In a post just the other day, I remarked that I had been looking for a “left-wing blog that had a sense of intellectual honesty”, and defined intellectual honesty as “a willingness to concede that the other side might be right in a debate — a willingness to use debate as a means to genuinely seek the ‘true’ answer, as opposed to simply trying to ‘beat the other guy’.”

My first introduction to blogs was when a good friend emailed me a link to a post on Steven Den Beste’s “USS Clueless“. Den Beste is basically credited with pioneering the “essay blog” as his blog (now retired) consisted of extended in-depth discussions on any number of topics. Despite having stopped blogging* he still stands as one of the best standards of good blogging the Internet has yet seen.

At the core of my political belief, I am a philosopher. I spend a lot of time thinking about the nature of human society, and vote (and argue) according to who I think will best fight for what I believe is the best government. I am also a realist, and try to not allow what I wish were true to blind me to human nature and what is possible.

It has occurred to me over time that the more I hear left-wingers accuse right-wingers of various wrongs, the more often it appears that the accusations reflect the accusers more than the accused. To put it another way, the only way they can actually believe their accusations is if they are projecting their own malfeasance on their opponents. The first keystone example of this in my memory was when Hillary Clinton defended her husband by (infamously) claiming that the growing mountain of evidence against him was due not to any of it being true, but because of a “vast right-wing conspiracy” that was out to get him. At the same time, it was the Democrats in Congress — all of them — who were forming a regulated phalanx to defend him, (each trying to act as though they were acting independently, and after half of them had earlier stated that “if” he were guilty he should be impeached).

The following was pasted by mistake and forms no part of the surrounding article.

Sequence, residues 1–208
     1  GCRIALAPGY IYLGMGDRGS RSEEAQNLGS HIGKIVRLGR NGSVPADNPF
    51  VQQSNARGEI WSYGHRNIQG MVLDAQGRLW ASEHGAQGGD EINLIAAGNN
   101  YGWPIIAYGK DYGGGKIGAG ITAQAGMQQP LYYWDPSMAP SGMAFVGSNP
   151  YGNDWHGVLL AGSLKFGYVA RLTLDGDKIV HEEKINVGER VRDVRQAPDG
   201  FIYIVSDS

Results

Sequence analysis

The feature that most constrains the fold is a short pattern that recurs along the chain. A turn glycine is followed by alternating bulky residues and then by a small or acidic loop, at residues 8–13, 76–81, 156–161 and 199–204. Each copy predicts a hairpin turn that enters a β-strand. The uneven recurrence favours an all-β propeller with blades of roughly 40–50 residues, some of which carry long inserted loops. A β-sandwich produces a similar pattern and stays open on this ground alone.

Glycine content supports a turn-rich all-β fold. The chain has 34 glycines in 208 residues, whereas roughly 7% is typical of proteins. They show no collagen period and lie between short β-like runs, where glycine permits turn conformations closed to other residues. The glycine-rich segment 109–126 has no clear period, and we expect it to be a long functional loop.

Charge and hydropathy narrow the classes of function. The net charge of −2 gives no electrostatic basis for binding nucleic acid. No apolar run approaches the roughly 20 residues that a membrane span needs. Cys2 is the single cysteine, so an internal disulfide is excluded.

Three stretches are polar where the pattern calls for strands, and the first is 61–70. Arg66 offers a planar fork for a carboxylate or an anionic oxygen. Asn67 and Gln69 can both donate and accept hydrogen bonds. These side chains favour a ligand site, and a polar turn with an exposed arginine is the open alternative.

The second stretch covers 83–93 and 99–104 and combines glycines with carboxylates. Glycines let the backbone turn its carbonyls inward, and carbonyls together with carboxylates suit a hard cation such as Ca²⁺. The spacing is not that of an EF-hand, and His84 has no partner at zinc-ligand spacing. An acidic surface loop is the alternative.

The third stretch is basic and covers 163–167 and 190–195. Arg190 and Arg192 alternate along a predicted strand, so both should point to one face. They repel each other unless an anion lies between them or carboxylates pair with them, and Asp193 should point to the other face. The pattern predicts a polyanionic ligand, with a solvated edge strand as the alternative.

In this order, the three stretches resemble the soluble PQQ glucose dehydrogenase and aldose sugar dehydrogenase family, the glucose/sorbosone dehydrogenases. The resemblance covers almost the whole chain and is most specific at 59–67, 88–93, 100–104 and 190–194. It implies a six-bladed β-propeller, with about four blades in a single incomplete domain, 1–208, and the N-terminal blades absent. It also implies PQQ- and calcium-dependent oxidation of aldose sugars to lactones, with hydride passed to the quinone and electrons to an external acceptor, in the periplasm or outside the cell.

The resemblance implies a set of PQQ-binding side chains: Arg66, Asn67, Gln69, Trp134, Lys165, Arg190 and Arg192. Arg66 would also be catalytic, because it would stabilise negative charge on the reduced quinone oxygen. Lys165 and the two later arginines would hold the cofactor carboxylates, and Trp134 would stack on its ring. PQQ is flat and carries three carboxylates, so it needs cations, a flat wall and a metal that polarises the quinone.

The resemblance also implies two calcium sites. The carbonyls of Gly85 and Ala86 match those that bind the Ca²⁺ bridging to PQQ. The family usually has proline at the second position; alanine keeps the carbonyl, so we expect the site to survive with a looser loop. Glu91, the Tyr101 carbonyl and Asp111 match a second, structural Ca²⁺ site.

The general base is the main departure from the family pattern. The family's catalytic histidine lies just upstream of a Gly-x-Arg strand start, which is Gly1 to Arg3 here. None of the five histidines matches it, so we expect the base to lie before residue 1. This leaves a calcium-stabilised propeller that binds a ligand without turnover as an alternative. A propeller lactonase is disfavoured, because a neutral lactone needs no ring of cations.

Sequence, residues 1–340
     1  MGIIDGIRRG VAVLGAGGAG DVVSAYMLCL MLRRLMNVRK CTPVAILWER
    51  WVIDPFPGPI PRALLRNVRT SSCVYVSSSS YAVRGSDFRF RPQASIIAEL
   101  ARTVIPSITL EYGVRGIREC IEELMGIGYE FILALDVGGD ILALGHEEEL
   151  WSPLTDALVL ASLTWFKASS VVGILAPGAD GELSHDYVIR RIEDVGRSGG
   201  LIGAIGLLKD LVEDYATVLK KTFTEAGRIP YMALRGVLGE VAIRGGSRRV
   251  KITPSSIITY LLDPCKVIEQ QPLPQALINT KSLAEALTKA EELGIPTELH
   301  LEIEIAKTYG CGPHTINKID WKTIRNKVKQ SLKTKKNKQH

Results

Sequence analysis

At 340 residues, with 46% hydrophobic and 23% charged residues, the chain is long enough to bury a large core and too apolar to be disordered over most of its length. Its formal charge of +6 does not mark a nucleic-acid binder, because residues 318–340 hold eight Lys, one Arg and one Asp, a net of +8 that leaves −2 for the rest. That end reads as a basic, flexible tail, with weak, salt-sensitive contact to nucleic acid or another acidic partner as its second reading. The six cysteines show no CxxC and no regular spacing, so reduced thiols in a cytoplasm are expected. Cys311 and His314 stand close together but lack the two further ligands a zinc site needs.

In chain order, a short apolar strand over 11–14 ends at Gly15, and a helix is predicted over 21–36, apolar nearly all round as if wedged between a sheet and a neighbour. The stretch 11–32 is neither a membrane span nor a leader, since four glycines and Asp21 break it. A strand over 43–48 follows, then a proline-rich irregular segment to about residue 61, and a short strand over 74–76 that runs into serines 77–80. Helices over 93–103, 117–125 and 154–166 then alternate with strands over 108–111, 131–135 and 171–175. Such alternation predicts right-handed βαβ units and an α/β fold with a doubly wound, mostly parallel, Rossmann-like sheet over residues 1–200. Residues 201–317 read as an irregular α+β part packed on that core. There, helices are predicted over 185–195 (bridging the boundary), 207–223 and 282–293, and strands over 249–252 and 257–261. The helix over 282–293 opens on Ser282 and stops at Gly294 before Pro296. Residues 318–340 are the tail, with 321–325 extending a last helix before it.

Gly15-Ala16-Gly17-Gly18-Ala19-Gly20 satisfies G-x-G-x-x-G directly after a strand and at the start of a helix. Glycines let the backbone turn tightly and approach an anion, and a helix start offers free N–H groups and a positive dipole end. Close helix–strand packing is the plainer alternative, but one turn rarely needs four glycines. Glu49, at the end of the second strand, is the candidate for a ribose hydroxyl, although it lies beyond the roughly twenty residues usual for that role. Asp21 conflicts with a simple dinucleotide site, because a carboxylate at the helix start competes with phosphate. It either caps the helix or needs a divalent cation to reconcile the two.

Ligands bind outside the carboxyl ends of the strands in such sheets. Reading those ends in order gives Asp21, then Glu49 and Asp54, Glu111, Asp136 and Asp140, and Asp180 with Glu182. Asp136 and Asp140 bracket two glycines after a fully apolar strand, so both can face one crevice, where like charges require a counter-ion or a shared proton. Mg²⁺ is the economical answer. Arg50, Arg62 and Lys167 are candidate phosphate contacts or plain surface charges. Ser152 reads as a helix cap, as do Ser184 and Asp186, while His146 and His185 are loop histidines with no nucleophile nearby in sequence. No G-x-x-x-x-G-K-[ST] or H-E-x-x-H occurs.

Now Brian over at Peeve Farm has a new post that takes this gut feeling and turns it into another rather firm example. It focuses more on the blogosphere than politics in general, but among repeated assertions from leftists that right-wing bloggers “take their marching orders from Karl Rove”, it is a telling story indeed.

Regarding the difference between the political right and left blogospheres, I like (from the updates section of Brian’s post) Michael W.’s “simple, high quality metric”:

Yes, the blogosphere is split into unequal parts that are not mirror images of each other.

I decided that this viewpoint is going to stick until I can find, on the left, equivalents of:

Steven Den Beste
Victor Davis Hanson
Bill Whittle

[…]truly eloquent, brilliant people who speak for their side who will also have the cojones to disagree with their party line and exercise independent thought.

Well, hey. There’s that intellectual honesty I was talking about again!

* Actually, Steven does still blog — about anime — but his main blog, “USS Clueless”, closed up shop a couple years ago. The archives are still available though, and I strongly recommend checking it out, especially the “essential library”.

Comments are invited and encouraged

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